What Are the Rules of Admissibility in California Criminal Cases?
In any criminal trial, the prosecution bears the burden of proving the defendant's guilt beyond a reasonable doubt. This high standard of proof requires that all evidence presented to the jury be admissible under California law.
In other words, defense attorneys can object to evidence offered by the prosecution on the grounds that it is not legally admissible. If the court agrees with the objection, the jury will never see or hear that particular piece of evidence.
The State of California has a long list of "rules of admissibility" regarding what kinds of evidence may be introduced at a jury trial and what is not admissible. These are outlined in the California Evidence Code, which outlines rules about what kind of evidence can be introduced in a criminal jury trial.
The most important evidence rules include that all evidence introduced at trial must be relevant and reliable, who is competent to serve as a witness, how lawyers can question witnesses, hearsay evidence rule, evidentiary privileges, the rule against character evidence, undue prejudice, confuse the issues, and mislead the jury.
If the prosecutor violates any rule of evidence at your criminal trial, then your defense attorney might be able to get the evidence excluded by objecting to it.
If the judge decides not to strike the evidence, you might be able to appeal your criminal conviction because the evidence was improperly admitted.
Our California criminal defense lawyers will look at some of the most common admissibility rules invoked by defense attorneys.
The Relevance Rule – Evidence Code 210 EC
The primary evidence rules must be relevant to the issues being tried in court and provide proof that the evidence is reliable.
Evidence is only considered relevant if it tends to prove or disprove a material fact in the case. It is irrelevant if the evidence does not go to any material fact and cannot be introduced.
Relevant evidence is described as evidence that has any reasonable tendency to prove or disprove any fact that Is disputed and matters to the case's outcome.
The Hearsay Rule – Evidence Code 1200 EC
Hearsay is an out-of-court statement offered to prove the truth of the matter asserted. In other words, if someone testifies that "I heard John say that he saw the defendant commit the murder," that is hearsay.
Hearsay is generally not admissible under Evidence Code 1200 EC unless it falls into one of the numerous exceptions to the rule. The description of hearsay is straightforward. It's a statement made by someone other than the testifying witness that is offered to prove the truth.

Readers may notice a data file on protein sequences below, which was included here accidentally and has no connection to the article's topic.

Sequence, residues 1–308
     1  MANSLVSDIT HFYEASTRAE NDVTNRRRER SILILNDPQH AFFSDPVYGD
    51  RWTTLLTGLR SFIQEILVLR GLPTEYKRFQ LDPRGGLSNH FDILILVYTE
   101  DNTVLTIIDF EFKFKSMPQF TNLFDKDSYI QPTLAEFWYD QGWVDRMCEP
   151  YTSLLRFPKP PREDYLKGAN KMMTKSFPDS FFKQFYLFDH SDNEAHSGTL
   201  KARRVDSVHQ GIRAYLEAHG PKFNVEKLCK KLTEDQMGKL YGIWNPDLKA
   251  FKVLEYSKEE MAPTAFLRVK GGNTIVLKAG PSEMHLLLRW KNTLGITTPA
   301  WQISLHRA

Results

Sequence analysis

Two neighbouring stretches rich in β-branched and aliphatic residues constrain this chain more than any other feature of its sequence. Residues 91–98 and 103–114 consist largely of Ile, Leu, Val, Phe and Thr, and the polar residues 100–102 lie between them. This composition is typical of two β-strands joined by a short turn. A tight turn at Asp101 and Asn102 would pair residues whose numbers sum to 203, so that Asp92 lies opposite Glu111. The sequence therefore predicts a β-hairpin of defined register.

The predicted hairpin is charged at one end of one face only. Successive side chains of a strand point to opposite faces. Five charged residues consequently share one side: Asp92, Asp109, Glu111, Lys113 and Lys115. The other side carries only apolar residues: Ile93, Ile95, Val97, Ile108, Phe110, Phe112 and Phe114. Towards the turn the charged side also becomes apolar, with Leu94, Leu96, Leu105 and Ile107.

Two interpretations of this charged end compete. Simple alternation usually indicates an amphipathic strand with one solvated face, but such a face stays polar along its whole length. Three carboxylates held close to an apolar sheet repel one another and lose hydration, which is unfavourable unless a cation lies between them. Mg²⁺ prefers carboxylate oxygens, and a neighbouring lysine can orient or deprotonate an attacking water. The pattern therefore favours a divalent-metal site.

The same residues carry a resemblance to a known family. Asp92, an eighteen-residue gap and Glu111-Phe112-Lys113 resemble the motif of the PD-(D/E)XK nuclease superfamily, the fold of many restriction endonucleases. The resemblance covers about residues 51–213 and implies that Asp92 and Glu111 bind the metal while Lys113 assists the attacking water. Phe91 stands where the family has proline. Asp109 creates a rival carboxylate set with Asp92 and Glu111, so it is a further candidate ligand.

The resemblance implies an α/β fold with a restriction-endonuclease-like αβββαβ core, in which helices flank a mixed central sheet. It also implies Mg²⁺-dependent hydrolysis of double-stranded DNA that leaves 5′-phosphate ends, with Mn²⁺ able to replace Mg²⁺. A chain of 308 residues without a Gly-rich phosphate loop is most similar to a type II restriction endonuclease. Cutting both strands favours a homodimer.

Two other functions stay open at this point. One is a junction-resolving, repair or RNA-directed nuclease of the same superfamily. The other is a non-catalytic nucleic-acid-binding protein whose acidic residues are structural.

The main reason for this rule of evidence in California criminal cases is that hearsay statements are unreliable enough to be accepted as valid evidence. Also, they are not made under oath and can't be subjected to cross-examination in court.
A classic hearsay scenario is when a witness testifies that a friend told them the defendant confessed to committing the crime. Still, the friend who allegedly told them does not provide any testimony.
The Character Evidence Rule - Evidence Code 1101 EC
The character evidence rule prohibits the introduction of evidence of a person's character or reputation to prove that they acted in accordance with that character on a particular occasion.
For example, suppose the defendant is on trial for murder? In that case, the prosecution cannot introduce evidence that the defendant has a history of violence to prove that they committed the murder.
This means the prosecution cannot use your past bad actions or crimes as proof that you committed this particular crime.
Also, they are not allowed to bring witnesses who express negative opinions regarding your character to prove your guilt.
However, it should be noted that a defendant's prior actions may be used to establish patterns of habit to show that the person may have been capable of committing the crime or to show possible motives for committing the crime.
The Authentication Rule – Evidence Code 1401 EC
Authentication proves that a particular piece of evidence is what it purports to be. For example, if the prosecution wants to introduce a letter into evidence, it must first prove that the letter was written by the person it purports to be from. If the prosecution cannot authenticate the document, it is inadmissible evidence.